For my parent’s generation there was the need to go out to work as soon as possible because of the deprivations caused by the Second World War. For me and many in my generation, we were divided by the eleven plus. Those who went to grammar schools were educated to lead and those who went to Secondary Moderns were expected to be practical. More opportunities and grammar school places were allotted to boys. Boys were educated in sciences and technical drawing while girls learnt sewing and cooking.
Whilst in today’s society we are told we can be anything we want to be and are told to aspire to excel, that is not true. From the moment we are born we are surrounded by cultural expectations and expected to fit particular moulds.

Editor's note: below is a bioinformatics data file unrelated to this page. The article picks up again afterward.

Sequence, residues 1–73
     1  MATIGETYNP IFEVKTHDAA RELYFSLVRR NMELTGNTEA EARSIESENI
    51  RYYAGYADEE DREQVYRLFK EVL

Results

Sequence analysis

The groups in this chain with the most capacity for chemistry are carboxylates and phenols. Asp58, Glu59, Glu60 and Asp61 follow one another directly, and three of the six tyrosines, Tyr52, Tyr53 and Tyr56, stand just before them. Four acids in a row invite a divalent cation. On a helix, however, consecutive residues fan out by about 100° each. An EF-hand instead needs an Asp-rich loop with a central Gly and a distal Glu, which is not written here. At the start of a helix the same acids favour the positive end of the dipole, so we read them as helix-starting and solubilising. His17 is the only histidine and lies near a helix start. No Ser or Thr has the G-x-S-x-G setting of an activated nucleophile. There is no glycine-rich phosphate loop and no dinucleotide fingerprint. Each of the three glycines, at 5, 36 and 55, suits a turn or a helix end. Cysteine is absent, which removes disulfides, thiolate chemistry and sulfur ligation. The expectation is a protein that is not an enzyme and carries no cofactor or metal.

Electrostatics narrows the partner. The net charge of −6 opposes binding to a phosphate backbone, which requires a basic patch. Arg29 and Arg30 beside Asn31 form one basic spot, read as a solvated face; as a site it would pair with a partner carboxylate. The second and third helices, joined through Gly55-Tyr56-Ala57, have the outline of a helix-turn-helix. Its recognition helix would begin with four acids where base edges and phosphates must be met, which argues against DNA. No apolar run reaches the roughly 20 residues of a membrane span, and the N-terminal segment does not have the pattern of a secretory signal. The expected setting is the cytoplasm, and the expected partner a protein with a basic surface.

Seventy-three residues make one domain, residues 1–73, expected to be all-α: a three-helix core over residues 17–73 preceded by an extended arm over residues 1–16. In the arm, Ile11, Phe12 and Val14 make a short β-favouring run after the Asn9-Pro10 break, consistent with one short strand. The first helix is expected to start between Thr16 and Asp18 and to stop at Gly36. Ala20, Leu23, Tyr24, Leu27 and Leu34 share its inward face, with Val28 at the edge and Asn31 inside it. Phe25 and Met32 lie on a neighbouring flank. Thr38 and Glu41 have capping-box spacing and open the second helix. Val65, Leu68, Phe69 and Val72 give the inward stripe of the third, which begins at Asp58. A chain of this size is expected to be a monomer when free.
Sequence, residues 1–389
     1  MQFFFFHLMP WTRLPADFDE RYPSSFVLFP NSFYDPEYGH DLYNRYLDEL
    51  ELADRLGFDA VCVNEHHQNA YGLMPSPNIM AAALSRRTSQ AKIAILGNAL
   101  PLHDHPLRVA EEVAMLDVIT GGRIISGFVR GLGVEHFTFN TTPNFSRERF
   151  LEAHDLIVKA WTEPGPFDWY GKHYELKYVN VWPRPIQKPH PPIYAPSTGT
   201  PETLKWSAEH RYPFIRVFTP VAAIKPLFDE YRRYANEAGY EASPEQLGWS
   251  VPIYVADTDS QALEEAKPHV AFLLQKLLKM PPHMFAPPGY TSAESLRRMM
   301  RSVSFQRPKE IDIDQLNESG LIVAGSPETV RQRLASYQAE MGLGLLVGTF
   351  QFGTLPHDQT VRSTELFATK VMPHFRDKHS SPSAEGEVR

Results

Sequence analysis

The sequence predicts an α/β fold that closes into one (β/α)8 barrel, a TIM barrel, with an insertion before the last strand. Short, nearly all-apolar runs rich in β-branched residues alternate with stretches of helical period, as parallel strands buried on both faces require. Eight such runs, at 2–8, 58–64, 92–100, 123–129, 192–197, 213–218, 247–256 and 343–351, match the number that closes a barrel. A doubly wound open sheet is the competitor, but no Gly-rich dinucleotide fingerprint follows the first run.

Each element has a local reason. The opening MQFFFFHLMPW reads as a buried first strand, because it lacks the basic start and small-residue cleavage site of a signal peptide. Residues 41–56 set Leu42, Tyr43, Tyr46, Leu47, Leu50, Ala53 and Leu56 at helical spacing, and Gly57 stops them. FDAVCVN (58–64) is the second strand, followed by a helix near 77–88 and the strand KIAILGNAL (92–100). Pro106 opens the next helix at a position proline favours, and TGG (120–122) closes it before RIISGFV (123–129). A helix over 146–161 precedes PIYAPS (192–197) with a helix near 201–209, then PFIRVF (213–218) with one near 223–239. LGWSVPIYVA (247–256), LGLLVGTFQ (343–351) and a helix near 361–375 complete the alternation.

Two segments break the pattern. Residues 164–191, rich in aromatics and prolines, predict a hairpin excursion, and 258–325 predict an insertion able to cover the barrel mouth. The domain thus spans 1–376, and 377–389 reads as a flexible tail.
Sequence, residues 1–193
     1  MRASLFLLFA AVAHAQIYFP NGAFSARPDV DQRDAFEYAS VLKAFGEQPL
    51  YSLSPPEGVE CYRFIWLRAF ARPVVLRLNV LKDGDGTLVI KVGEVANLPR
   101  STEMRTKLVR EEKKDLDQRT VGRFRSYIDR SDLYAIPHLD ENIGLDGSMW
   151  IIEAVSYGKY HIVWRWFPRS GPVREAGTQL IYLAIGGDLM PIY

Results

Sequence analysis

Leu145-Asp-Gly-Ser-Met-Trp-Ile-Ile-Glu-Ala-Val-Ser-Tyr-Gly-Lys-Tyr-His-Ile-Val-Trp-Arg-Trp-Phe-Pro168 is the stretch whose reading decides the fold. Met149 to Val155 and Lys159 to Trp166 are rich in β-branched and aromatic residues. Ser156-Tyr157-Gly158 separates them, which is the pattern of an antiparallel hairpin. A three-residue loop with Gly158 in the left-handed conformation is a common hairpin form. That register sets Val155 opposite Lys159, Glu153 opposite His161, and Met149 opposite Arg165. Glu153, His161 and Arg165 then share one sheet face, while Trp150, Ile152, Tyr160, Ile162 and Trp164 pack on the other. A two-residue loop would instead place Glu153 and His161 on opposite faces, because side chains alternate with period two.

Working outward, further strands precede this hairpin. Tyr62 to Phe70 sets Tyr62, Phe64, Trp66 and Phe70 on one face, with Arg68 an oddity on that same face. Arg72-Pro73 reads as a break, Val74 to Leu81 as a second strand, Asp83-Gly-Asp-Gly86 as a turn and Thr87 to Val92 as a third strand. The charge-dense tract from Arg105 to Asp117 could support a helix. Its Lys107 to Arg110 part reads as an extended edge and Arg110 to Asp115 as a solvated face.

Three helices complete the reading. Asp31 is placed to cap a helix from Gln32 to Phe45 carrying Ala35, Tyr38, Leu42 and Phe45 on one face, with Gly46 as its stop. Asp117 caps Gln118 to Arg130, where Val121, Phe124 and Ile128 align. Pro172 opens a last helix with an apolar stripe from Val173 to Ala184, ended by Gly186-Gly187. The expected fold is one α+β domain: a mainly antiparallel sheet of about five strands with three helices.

Jesus also struggled in his home town because of his family background. Those in the synagogue thought Jesus was behaving above his station in life. He has separated himself from his mum, Mary who was a widow and his sisters who needed his support. As the oldest, Jesus should, in their eyes have lived at home supporting them. Jesus was different to his brothers, James, Joses, Simon and Judas.
Jesus was without honour in his home town within his family, community and synagogue. As a result, he wasn’t listened to and they did not believe in him.
I wonder how many of you were held back by parents. My parents were newsagents and expected me to take on the family business. When I moved away and trained to teach they expected me to both teach and manage the shop. They were lovely parents and though they were disappointed eventually accepted that it wasn’t possible.